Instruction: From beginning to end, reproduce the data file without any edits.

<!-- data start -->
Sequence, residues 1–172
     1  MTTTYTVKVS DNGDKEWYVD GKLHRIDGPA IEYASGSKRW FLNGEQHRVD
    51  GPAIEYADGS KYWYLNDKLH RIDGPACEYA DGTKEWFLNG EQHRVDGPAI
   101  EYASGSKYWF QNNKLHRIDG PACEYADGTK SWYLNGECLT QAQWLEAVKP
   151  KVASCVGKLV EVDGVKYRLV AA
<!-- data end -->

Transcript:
Sequence, residues 1–172
     1  MTTTYTVKVS DNGDKEWYVD GKLHRIDGPA IEYASGSKRW FLNGEQHRVD
    51  GPAIEYADGS KYWYLNDKLH RIDGPACEYA DGTKEWFLNG EQHRVDGPAI
   101  EYASGSKYWF QNNKLHRIDG PACEYADGTK SWYLNGECLT QAQWLEAVKP
   151  KVASCVGKLV EVDGVKYRLV AA